Another day, another disruption in the payments universe. Just since we released the latest SRM Academy report on the next wave of payments disruptors, real-world examples of this phenomenon have emerged on a near daily basis. At the crest of the latest wave, Apple’s much-hyped credit card has moved beyond the bleeding edge and entered full rollout mode, complete with the barrage of enticing TV commercials Apple is known for.
Buried deeper in the media cycle, however, was Chase’s retreat on its own payments app. The bank is likely quite content to let Chase Pay die a quiet death, though it has claimed the product is merely being “repositioned.” Nonetheless, the decision reinforces one point we make in our paper regarding the challenge of establishing a bank-centric payment brand. At the end of the day, Chase may be pivoting to the most practical and defensible position. Let’s have a look at why, and also have a bit of fun with Apple’s recent crazy (like a fox?) warnings on card protection.
Chase Pay, We Hardly Knew Ya
JP Morgan spared no expense in rolling out its Chase Pay solution; remember those 2017 TV spots featuring Serena Williams and Steph Curry? The fanfare was similar for the industry rollout at Money 20/20 the prior fall, with a flashy video touting plenty of exciting promised features – some of which even materialized!
So, what went wrong? For starters, digital wallets have yet to reach the adoption levels anticipated by many in the heady days of 2015-16 when Apple Pay was going to change the world. In addition, there are all the challenges of marketing a standalone app tied to a single financial institution. Chase is among the biggest banks and card issuers in the United States with an addressable market slightly less than half of U.S. consumers. Sounds impressive, but factor in device compatibility and interest (up to now lacking) in digital wallet solutions and the numbers drop precipitously.
The Chase Pay brand, however, will make another appearance. Chase will shift the brand’s focus to online payments and integration with merchant apps, where “order ahead” services have shown solid traction. In doing so, Chase will continue to defend “top of wallet” status for its cards, which we see as the No. 1 objective anyway with the added benefit of preserving a degree of brand visibility. Sounds like a pretty good outcome, provided they can separate themselves from the pack in the e-commerce wars.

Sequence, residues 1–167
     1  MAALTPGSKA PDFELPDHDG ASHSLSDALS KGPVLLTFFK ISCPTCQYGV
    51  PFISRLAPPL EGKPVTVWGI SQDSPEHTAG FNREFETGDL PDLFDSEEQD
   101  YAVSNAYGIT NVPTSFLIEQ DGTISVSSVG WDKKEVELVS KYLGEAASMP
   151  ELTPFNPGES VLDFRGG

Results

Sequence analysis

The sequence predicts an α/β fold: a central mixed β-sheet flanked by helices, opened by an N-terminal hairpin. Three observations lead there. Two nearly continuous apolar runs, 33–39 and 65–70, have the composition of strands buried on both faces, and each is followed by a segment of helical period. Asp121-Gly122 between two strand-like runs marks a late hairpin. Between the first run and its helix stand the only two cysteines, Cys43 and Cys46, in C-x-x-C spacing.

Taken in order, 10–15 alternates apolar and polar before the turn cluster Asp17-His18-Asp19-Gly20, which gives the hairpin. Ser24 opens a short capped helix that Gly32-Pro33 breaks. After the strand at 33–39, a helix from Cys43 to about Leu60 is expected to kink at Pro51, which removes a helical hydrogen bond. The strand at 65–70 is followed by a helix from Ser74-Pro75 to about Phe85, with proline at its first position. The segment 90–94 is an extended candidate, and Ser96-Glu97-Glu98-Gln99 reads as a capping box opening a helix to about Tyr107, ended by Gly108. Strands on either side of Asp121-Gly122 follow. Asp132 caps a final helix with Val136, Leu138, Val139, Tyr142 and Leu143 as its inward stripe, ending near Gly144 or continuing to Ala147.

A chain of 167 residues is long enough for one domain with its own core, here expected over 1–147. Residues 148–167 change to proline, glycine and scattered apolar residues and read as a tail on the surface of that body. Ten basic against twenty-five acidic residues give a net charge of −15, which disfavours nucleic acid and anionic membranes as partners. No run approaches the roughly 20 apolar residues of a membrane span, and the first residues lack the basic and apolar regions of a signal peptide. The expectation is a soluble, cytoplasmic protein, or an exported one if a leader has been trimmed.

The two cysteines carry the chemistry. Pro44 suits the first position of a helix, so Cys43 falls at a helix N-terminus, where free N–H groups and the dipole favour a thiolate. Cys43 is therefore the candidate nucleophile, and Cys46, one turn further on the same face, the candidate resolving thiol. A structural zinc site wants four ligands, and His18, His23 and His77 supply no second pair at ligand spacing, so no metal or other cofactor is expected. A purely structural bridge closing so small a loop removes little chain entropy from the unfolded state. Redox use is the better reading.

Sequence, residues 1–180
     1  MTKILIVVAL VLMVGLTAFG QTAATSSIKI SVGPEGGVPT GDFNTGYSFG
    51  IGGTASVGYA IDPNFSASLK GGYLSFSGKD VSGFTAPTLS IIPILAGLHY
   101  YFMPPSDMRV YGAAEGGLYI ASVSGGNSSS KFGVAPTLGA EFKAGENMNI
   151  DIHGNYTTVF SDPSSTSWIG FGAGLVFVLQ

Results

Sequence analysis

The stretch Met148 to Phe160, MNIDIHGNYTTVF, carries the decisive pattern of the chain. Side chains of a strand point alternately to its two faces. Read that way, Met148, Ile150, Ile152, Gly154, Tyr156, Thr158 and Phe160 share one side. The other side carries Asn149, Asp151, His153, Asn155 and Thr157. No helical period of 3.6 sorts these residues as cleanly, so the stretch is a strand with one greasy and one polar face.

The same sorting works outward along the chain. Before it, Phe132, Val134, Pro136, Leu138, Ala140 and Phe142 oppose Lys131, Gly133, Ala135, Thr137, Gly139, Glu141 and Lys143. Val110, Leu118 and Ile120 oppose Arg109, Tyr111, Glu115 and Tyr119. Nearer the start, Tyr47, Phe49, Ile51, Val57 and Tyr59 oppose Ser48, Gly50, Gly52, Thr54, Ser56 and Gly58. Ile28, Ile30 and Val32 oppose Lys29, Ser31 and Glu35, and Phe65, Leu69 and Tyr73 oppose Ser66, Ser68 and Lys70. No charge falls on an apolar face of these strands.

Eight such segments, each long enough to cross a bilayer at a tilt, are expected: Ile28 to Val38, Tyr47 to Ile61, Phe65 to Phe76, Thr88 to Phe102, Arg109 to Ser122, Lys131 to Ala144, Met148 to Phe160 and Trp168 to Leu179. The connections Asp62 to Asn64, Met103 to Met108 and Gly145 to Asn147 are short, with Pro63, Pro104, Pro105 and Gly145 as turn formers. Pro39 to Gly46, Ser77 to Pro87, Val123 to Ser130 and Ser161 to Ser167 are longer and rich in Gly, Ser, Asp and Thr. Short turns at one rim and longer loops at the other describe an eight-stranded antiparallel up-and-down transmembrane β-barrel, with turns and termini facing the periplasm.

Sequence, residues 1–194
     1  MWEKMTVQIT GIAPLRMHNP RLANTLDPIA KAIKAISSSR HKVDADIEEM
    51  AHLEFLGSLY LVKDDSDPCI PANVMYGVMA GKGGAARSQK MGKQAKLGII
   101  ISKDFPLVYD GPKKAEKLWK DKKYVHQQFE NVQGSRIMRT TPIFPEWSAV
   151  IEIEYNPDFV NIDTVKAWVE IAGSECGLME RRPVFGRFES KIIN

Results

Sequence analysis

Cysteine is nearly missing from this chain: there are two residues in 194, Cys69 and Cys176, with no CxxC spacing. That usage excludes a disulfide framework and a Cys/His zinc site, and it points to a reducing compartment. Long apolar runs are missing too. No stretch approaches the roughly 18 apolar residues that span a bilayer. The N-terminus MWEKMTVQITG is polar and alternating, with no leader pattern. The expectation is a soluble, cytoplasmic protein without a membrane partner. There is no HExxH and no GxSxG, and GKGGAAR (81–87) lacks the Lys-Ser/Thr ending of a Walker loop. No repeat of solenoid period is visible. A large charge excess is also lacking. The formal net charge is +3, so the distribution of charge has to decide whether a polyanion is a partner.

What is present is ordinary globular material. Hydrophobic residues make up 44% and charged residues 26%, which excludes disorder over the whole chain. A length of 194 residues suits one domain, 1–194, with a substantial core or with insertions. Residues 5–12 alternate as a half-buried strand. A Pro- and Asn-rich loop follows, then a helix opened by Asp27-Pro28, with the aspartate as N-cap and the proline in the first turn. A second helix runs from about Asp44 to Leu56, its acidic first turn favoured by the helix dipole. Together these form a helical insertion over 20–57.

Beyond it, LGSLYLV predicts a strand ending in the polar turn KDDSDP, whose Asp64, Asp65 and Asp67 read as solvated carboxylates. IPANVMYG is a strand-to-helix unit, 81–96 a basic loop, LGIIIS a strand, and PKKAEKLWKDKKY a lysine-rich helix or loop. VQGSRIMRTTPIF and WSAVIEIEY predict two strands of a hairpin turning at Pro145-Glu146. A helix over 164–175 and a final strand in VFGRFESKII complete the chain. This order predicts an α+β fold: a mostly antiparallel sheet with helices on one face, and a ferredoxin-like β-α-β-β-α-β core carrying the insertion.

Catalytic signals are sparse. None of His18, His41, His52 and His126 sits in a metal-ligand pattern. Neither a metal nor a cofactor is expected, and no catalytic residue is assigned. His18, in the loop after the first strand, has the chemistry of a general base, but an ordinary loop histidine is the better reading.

Is That an Apple Card in Your Pocket, or…?
Apple was the target of social media ridicule recently when its newly minted credit card was shipped with a warning that storing in proximity to leather or denim could impact the aesthetics of the card. (It has also since warned against Sharpies, by the way.) If taken seriously, this would rule out carrying the card in blue jeans as well as most wallets and purses. Perhaps Apple has an undisclosed stake in a Spandex manufacturer it’s trying to juice; why else would it take a stance that would seem to mock the memory of its beloved founder? Could a company as savvy as Apple really have been this unintentionally ridiculous?
The Bottom Line: Maybe Apple doesn’t want consumers to use the physical card; applicants must take the added step of checking a box choosing to have a card shipped to them. However, its rewards program is structured to drive spend volume to Apple Pay, to which the company will happily push the card credentials for instant activation. What’s the harm in a few snickers if they build awareness for the core mission? Is it possible that soon, other banks’ customers may be asking, “Can your card do that?”
Our white paper anticipated many of these accelerating trends. It’s worth checking out for an advance peek at what else may be on the horizon.